Archive for August, 2016

‘Allamagoosa’ is a satire on bureaucracy within the armed services — or perhaps it is a satire on bureaucracy in all big institutions. The crew of a space ship recently returned from a long period of duty find themselves faced with a formal inspection. A quick check of the inventory against what they actually have on ship reveals that one item is missing: V108 Offog. But their problem is that they have no idea what an offog could be …

… so they invent one, with predictably hilarious results. I guess that an adult with experience of detective novels would probably have guessed the solution early in the story, but I first encountered ‘Allamagoosa’ in my mid-teens, and I had no idea what an ‘offog’ could be. The solution was so brilliant, so obvious (with hindsight) and so hilarious that I wanted more books by the author: Eric Frank Russell.

In the 1970s it wasn’t difficult to find Eric Frank Russell books in the public library, so I read my way through everything I could find that he had written. (I see that many are now available on Amazon.) They make a mixed collection. There are the edge-of-the-seat thrillers: Three to Conquer (1956) — a detective story which is science fiction because the enemy are alien infiltrators from Venus and the hero is telepathic. With a Strange Device is a spy story with echoes of the film ‘The Ipcress File’ — the enemy agents can literally change your mind. Sinister Barrier (1939) and Dreadful Sanctuary (1948) are darker; both clever stories, but even as a teenager I thought that Sinister Barrier was too much of a ‘shoot ’em up’, with not enough plot for the level of violence. But it was his first book … I enjoyed Sentinels from Space (1953) as a teenager, but now find it too moralising and the leading characters too good to be true — a sign I am growing old and cynical! Re-reading Men, Martians and Machines (1955) in my twenties I felt that it had dated more than the others (the official ship photographer was still using glass plates …). All of these, of course, reflected the interests and concerns of western society at the time that they were published.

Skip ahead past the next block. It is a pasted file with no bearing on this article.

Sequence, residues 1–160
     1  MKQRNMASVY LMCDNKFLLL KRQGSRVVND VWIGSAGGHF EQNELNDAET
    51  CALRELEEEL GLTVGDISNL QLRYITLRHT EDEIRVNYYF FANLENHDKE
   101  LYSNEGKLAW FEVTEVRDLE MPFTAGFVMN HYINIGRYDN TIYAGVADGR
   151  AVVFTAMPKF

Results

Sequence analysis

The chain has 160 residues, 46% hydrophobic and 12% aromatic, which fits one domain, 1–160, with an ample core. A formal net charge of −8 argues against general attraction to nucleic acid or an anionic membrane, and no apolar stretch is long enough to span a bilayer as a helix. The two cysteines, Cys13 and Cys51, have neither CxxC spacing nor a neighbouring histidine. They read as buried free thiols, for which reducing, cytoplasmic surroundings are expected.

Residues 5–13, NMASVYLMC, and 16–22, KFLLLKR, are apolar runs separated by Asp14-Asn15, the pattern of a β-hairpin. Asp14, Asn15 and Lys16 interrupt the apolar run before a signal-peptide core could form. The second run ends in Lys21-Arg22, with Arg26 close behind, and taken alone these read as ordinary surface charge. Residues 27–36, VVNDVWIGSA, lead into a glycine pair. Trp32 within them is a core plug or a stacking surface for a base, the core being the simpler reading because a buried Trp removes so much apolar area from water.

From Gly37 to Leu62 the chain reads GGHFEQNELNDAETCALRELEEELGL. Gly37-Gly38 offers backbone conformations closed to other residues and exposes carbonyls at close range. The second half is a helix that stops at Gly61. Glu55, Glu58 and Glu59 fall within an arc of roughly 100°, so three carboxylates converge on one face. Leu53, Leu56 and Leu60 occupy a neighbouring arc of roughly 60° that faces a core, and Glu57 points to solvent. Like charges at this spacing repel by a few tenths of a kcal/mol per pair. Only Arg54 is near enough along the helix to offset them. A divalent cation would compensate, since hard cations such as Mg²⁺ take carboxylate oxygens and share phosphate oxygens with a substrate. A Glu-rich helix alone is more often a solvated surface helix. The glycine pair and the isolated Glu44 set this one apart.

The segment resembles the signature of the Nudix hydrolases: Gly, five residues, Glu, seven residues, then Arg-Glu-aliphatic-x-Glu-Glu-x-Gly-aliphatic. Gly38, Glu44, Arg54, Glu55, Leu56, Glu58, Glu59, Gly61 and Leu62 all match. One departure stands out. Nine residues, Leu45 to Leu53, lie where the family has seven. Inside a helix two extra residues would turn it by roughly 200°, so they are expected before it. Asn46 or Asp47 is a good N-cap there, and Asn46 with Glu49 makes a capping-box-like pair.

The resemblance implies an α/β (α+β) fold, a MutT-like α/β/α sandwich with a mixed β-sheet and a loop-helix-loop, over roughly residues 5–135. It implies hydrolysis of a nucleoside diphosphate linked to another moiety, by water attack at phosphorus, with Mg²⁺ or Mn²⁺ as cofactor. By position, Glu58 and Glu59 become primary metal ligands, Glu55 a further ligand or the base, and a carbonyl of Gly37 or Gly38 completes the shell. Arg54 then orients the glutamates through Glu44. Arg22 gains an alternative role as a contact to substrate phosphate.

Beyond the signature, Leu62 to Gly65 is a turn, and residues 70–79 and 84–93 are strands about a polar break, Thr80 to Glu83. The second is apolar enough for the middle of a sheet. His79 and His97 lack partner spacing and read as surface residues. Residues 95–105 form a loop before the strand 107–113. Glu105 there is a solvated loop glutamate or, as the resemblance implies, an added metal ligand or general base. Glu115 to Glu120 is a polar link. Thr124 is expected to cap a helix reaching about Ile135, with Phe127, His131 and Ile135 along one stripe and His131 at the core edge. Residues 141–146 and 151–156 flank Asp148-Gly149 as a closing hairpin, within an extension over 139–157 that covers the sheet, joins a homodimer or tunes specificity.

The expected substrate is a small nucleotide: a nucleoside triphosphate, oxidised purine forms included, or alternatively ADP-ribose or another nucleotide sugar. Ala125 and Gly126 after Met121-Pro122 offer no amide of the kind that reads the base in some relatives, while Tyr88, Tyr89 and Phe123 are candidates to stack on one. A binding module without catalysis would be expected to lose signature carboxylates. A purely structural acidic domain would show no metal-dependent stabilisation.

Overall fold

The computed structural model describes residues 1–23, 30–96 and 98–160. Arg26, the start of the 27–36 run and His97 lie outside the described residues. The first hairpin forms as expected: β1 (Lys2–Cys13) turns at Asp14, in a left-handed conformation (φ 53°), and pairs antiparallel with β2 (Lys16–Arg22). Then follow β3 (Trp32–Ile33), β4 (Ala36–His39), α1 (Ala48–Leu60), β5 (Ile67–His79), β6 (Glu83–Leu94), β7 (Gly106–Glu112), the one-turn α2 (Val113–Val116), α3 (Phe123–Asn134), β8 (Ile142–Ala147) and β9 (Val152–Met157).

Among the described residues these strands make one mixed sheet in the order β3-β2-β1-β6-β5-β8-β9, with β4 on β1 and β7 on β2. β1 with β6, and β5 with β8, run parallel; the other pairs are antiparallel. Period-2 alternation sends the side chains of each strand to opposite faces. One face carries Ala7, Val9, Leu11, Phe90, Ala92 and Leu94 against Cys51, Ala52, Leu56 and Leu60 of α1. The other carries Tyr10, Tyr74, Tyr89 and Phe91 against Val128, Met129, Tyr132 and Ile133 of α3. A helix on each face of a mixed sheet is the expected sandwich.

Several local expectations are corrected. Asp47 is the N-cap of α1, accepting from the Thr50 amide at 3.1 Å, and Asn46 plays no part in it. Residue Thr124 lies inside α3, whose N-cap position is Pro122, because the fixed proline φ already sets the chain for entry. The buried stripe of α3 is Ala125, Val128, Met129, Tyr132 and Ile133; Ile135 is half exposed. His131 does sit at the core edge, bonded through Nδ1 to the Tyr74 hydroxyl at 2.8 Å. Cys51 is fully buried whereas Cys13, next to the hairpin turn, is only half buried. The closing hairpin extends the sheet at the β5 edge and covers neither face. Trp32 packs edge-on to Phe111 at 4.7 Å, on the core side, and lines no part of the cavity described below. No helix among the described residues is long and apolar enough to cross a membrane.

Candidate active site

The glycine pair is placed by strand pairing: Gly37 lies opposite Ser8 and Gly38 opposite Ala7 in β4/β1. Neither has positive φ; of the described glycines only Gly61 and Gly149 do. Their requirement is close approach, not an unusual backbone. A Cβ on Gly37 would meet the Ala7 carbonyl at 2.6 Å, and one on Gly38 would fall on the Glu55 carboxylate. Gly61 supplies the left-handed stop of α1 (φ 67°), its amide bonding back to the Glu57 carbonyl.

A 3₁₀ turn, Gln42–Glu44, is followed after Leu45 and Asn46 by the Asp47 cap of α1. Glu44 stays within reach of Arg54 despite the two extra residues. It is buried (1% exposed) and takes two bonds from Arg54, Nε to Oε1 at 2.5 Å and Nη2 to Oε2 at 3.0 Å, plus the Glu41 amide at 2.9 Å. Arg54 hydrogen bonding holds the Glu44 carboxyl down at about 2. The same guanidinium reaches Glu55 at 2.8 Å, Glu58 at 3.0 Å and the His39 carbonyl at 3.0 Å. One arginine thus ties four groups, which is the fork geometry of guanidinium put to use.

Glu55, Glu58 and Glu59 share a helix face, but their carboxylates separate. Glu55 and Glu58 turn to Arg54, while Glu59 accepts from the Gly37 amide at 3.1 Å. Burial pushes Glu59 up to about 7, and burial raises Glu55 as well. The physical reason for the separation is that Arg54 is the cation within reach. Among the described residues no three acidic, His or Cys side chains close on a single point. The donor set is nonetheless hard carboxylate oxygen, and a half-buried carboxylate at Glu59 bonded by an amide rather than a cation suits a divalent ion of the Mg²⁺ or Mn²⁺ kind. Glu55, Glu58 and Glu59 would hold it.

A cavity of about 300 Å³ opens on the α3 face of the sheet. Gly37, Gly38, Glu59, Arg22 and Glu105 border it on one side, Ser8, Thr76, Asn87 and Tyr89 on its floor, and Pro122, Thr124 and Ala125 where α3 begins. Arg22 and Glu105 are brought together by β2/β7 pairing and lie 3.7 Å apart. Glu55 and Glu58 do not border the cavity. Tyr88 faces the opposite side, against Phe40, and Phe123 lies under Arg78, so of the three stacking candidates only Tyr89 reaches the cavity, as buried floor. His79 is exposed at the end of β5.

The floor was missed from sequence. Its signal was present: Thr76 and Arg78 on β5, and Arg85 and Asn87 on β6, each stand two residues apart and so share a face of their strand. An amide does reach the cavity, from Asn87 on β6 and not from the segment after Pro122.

There are also the hilarious, cynical satires on bureaucracy and humans’ (or aliens’) ability to get completely tied up in their own systems and traditions. Wasp, Next of Kin and The Great Explosion are brilliantly imaginative and very, very funny.

And of course there are the collections of short stories, of which ‘Allamagoosa’ is one; some are ‘science fiction’ while those in Dark Tides (expanded in Darker Tides) are excellent fiction but weird rather than science.